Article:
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Cowboys' Jerry Jones is taking a bow and he got it this time

To Martin Rogers
FOX Sports Columnist

Jerry Jones once made a very Jerry Jones-centric comment.

Dallas Cowboys owner Jerry Jones candidly admitted there was a time when Dallas Cowboys general manager Jerry Jones should have been fired.

If he wasn’t, you know, himself.

The concept was a bit confusing at the time, but it hasn’t gotten any more simplistic or humorous since then. But when it comes to the Cowboys, it just confirms that it’s always Jerry’s world.

As is always the case when there is either excitement or uncertainty or both in Dallas, Jones is at the center of the conversation.

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And in an enthusiastic rush to lavish praise on a man named Rush, Cooper Rush, an undrafted quarterback par excellence and a surprise antidote to what threatened to be a lost season for Dallas, Jones is stirring the pot without apology. Both Jones. Not Jerry, the team’s vice president, and his son Stephen. Jerry the owner and Jerry the GM.

Owner Jerry is busy talking about the possibility of a previously unthinkable QB rivalry between Rush and the injured $40 million Dak Prescott. GM Jerry uses the example of Rush as a subtle reminder that his old cynicism about football decisions doesn’t apply much these days, and that he’s been making a neat little streak of pretty good calls. I got

Because he could have handled the Rush/Prescott situation much differently. Central Michigan with fewer than 50 pass attempts in his entire career.

Jones could have gone for the more veteran Stop Gap. The trade of Pittsburgh Steelers backup Mason Rudolph has been discussed many times, but Jones and head coach Mike McCarthy have decided that, aside from a short trip to the New York Giants’ practice team, he will continue to play as a pro. He trusted Rush, who had been a cowboy his entire career.

It was an unexpected reaction. Rush kept the ball safe, engineered a late field gold live to pass the Cincinnati Bengals, wore the Giants down a week later, became the second QB in the Super Bowl era, and won a game on each of his first drives. Completed the drive 3 starts.

“If you had a dilemma which way to go, wouldn’t it be something?” Jones told reporters. “If[Rush]wins 10, they will. So did Prescott[and Tony Romo]. I think so.”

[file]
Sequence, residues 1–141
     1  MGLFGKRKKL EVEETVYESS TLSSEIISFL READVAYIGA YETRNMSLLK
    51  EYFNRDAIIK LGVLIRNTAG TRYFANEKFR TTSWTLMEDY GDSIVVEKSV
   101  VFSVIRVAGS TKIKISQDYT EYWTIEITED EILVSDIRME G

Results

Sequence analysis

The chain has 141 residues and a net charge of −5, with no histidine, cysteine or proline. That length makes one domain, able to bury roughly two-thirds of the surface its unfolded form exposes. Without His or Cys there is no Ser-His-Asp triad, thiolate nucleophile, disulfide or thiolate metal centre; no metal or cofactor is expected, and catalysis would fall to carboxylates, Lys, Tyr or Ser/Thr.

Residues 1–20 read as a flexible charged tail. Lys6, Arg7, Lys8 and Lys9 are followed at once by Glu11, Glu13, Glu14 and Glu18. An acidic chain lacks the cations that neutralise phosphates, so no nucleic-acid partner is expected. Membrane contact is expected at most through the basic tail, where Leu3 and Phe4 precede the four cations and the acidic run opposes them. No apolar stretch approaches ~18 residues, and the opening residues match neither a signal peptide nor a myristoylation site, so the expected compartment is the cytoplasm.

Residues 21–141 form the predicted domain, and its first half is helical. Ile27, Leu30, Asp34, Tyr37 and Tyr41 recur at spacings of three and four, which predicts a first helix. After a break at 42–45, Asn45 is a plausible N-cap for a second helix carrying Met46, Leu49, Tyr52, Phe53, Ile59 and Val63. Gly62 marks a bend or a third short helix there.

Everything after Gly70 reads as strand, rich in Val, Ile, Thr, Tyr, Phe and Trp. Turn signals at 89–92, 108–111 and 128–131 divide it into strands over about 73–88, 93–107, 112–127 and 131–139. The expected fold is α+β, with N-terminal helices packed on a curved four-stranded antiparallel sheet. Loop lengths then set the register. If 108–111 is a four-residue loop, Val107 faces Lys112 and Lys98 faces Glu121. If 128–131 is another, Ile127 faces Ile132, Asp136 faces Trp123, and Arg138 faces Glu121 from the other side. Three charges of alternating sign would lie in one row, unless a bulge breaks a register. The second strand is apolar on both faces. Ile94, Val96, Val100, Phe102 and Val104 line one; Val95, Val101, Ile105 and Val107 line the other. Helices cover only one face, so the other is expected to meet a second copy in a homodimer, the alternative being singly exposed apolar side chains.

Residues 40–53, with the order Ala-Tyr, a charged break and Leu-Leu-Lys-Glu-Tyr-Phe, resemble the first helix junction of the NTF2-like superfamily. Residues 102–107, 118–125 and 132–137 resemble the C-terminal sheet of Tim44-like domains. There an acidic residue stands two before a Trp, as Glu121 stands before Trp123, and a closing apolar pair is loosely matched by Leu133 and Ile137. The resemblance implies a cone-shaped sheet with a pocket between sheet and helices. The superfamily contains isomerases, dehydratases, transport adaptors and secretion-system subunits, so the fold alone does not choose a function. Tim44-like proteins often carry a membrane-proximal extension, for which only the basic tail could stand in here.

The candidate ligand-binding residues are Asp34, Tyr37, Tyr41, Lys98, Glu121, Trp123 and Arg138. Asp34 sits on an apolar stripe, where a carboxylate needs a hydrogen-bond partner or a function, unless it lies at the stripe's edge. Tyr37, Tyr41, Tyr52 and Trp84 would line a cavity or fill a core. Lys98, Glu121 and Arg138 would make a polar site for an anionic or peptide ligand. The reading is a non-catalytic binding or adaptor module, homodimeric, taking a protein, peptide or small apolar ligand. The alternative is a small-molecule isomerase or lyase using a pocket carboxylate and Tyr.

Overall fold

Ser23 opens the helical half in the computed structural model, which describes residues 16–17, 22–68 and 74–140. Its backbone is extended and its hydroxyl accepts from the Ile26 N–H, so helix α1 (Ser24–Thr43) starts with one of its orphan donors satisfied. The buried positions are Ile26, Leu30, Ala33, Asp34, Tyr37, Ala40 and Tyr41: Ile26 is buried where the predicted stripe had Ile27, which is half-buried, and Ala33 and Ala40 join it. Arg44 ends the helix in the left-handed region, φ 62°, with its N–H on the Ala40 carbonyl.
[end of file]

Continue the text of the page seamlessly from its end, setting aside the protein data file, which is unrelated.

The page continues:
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In a direct sense, there is no real competition. Rush will be in charge again when the team faces the Washington Commanders at home on Sunday (1pm ET, FOX and FOX Sports app).

What would it take for Rush to pose the question? Another heroic drive, a swath of touchdowns, and even more composure than he’s shown so far?

But the reason Rush’s popular train has gained so much momentum is how the desperate situation first appeared when Prescott went bankrupt. Now, unexpectedly, the Cowboys suddenly find themselves not only trying to step in, but possibly arm wrestling with the undefeated Philadelphia Eagles at the top of the NFC East.

If all Jones is trying to achieve is tweaking the conversation about how he played a role in this feel-good factor that Cowboys fans are currently basking in, blame it on him. The little “look what I did” factor never hurts, and recent hires like defensive beast Micah Parsons and lead receiver Sheedy Lamb The decision has looked particularly poignant in the past few weeks.

One of the highlights is that even if Prescott picks up where he left off, Jones will almost certainly see the gap between his number one and number two quarterbacks widen in football. is not as large as expected. , including odds makers.

Despite a dismal start to the Commanders and their quarterback Carson Wentz last week in Philadelphia, where confidence looked hopelessly low, FOXBet, like most bookmakers, has been on a roll. We have Dallas as our 3-point favorite on Sunday.

Tim Cowishaw wrote for the Dallas Morning News: “It’s called Dak Prescott and in hopes he’ll miss the next game, the Cowboys are perceived as a badly underwhelming team. Actually Cooper he’s winning in a rush.”

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Some of Jones’ comments have been dismissed as Jerry being Jerry. For many, the QB’s fight remarks fell into that category. I laughed back and said something about the owner who fired the GM years ago probably fits that description as well.

But the thing to remember is that Jerry will always be Jerry and will never change, always recognizing that when teaming with the cult that follows the show is just as important as reality. Not afraid to spend a lot of money in pursuit of a return to , he is also ready to trust his intuition.

As it stands, it’s probably a pretty good time to be Jerry, with the doom of two weeks ago largely removed and optimism refreshed. Even the General Manager version doesn’t get fired, and there’s no reason to get fired right now.

Martin Rogers is a columnist for FOX Sports and author of the FOX Sports Insider newsletter. Follow him on Twitter @MRogersFOX When Subscribe to our daily newsletterr.

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